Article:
WASHINGTON, DC — While Incyte and the founders of Flexus scrap in court over who owns the IDO1 technology that Bristol-Myers Squibb $BMY bought in a $1.25 billion deal a couple of years ago, Bristol-Myers is ready to start putting the early-stage data from a combination study with Opdivo on display.
Today at the SITC meeting, investigators say their ongoing Phase I/II study of the checkpoint drug Opdivo plus BMS-986205 produced some varying positive results for heavily pre-treated bladder (25 cases) and cervical cancer patients (22 patients).
— In the bladder cancer cohort, the objective response rate and disease control rate were 32% and 44%, respectively.
— In the cervical cancer cohort, the ORR was 14% and DCR was 64%.
PD-L1 expression mattered. Zeroing in on patients who express PD-L1 more than 1%, ORR was 46% and 25% in the bladder and cervical cancer groups, respectively, while for patients who express PD-L1 less than 1%, ORR was 22% in the bladder cancer cohort with no responses observed in cervical cancer patients.
In a court case filed in Delaware, Incyte claimed that Jordan Fridman, a scientist in its ranks, had systematically lifted its IDO1 secrets before making his way to Flexus, which subsequently accepted a jaw-dropping buyout offer from Bristol-Myers. The lawsuit filed against Flexus founders Terry Rosen and Juan Jean seeks more than a billion dollars in damages.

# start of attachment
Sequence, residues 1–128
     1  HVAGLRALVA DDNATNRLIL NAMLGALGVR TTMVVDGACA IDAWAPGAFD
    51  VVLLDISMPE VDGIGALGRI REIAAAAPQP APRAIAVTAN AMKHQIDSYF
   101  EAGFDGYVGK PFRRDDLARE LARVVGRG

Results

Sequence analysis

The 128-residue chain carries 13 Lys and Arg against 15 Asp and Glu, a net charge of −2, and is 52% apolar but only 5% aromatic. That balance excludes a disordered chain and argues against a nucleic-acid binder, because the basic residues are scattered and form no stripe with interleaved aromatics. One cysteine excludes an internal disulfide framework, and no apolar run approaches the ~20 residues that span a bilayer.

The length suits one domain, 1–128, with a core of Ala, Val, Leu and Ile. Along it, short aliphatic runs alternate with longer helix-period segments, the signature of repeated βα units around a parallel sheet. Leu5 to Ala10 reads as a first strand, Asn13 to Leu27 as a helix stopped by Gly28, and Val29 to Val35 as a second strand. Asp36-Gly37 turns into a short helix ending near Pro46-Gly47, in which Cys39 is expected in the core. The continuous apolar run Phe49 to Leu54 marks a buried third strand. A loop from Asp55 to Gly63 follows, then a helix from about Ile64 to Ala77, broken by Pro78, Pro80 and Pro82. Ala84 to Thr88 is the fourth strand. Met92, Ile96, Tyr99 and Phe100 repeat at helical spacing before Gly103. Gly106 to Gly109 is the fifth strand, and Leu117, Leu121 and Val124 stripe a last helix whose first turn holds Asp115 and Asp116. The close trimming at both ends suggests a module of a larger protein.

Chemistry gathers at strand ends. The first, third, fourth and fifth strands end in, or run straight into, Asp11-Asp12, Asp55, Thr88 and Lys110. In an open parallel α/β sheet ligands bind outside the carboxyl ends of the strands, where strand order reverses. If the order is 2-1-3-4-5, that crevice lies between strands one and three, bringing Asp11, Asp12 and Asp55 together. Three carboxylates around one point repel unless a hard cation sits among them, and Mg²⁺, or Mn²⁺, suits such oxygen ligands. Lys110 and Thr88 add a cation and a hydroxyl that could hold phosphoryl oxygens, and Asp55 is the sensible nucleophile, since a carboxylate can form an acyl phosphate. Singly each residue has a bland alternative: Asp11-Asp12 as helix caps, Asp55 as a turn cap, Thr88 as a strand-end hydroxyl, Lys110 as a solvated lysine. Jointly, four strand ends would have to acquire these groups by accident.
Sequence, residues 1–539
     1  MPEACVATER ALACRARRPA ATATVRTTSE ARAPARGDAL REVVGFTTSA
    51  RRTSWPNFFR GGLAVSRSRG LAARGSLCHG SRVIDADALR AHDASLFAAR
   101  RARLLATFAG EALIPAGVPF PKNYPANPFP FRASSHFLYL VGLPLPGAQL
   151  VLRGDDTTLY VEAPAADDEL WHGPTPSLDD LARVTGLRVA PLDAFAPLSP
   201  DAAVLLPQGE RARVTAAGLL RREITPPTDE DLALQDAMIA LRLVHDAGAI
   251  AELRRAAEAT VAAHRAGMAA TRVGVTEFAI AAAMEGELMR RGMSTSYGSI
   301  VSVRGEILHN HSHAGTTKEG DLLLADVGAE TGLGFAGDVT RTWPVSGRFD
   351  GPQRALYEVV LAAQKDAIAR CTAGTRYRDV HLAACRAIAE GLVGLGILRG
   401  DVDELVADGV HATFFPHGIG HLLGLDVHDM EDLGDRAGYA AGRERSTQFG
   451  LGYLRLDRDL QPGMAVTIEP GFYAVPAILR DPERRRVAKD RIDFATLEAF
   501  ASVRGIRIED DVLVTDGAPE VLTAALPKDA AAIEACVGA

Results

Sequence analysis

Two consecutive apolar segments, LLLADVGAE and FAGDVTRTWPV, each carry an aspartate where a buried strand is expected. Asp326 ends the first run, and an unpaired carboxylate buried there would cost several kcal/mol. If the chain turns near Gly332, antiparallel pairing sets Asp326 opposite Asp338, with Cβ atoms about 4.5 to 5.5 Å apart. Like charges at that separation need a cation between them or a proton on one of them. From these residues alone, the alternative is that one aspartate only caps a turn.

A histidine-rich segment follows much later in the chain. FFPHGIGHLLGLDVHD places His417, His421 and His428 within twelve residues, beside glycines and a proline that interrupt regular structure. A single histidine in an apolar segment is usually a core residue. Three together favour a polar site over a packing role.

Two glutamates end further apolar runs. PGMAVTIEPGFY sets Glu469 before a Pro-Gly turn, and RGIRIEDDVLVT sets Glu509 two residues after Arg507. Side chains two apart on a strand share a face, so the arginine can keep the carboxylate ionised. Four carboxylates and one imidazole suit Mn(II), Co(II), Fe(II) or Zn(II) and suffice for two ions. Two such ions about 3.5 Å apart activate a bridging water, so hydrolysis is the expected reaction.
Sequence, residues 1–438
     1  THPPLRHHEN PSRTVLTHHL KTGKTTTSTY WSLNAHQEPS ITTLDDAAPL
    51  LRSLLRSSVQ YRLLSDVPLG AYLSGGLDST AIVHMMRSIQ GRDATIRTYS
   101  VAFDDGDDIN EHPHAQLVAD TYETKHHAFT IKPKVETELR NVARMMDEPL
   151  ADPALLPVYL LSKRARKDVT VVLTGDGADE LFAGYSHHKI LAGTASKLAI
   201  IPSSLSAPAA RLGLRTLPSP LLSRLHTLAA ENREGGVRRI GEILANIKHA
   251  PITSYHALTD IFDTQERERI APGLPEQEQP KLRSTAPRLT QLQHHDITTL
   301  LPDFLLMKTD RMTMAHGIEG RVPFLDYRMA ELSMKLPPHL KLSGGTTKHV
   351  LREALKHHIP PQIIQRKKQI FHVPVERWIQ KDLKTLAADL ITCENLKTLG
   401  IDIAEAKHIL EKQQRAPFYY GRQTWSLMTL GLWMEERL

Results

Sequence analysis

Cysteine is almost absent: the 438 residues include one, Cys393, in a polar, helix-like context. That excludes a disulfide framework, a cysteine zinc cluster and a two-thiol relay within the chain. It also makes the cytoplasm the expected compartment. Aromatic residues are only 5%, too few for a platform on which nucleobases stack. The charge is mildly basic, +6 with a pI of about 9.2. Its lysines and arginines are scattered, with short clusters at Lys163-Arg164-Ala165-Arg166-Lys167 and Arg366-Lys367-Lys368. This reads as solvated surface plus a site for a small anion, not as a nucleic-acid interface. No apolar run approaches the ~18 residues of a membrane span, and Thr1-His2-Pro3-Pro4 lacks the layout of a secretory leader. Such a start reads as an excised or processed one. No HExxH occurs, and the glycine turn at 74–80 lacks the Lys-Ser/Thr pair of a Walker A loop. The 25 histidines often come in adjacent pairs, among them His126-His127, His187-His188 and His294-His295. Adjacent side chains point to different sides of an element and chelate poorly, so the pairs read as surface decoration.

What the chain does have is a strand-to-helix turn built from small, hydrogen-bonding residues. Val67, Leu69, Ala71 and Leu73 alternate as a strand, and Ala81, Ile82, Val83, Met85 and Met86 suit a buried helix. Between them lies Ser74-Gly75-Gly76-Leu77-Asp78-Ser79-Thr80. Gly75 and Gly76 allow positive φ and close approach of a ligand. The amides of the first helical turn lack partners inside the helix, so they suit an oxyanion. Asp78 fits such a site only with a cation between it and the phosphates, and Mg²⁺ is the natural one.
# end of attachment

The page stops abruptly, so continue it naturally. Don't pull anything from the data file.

Incyte $INCY has the most advanced IDO1 in the clinic — epacadostat — and is clearly intent on defending its IP turf. Bristol-Myers, meanwhile, is placing a heavy emphasis on moving as fast as possible on the IDO1 front as it pushes ahead with its big checkpoint therapy and combos around it.
Bristol-Myers IDO development lead Mark Rutstein noted:
We are urgently pursuing transformative research to better understand tumor evasion mechanisms to help inform potential new treatment options for patients with advanced cancers. BMS-986205 has shown encouraging characteristics, including potent and selective inhibition of IDO1, as well as pharmacokinetic data that support once-daily dosing. We look forward to additional data from this study.
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